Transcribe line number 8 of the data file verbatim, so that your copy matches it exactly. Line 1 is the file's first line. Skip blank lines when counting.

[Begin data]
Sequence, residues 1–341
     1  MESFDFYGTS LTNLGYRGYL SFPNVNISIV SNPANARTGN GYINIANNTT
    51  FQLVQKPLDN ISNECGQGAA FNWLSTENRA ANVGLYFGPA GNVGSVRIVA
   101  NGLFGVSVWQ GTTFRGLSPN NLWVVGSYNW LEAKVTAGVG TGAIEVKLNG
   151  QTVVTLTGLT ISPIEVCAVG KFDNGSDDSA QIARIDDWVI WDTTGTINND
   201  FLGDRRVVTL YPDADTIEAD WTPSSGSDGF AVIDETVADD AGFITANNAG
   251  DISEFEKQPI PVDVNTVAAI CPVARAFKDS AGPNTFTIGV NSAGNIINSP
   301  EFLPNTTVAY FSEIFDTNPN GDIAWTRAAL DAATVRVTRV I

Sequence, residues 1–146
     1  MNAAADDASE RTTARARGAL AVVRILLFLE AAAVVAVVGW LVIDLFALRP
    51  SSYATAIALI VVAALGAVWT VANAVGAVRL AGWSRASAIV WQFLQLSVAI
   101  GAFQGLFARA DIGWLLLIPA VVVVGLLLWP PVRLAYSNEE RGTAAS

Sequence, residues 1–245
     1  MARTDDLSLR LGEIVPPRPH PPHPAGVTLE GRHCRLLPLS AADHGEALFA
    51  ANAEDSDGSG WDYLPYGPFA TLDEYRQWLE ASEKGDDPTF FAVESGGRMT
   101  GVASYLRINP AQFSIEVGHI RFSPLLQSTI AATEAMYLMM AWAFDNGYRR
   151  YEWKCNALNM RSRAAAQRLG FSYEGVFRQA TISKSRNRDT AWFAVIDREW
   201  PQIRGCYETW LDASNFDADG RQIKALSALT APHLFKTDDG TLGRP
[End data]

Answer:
   301  EFLPNTTVAY FSEIFDTNPN GDIAWTRAAL DAATVRVTRV I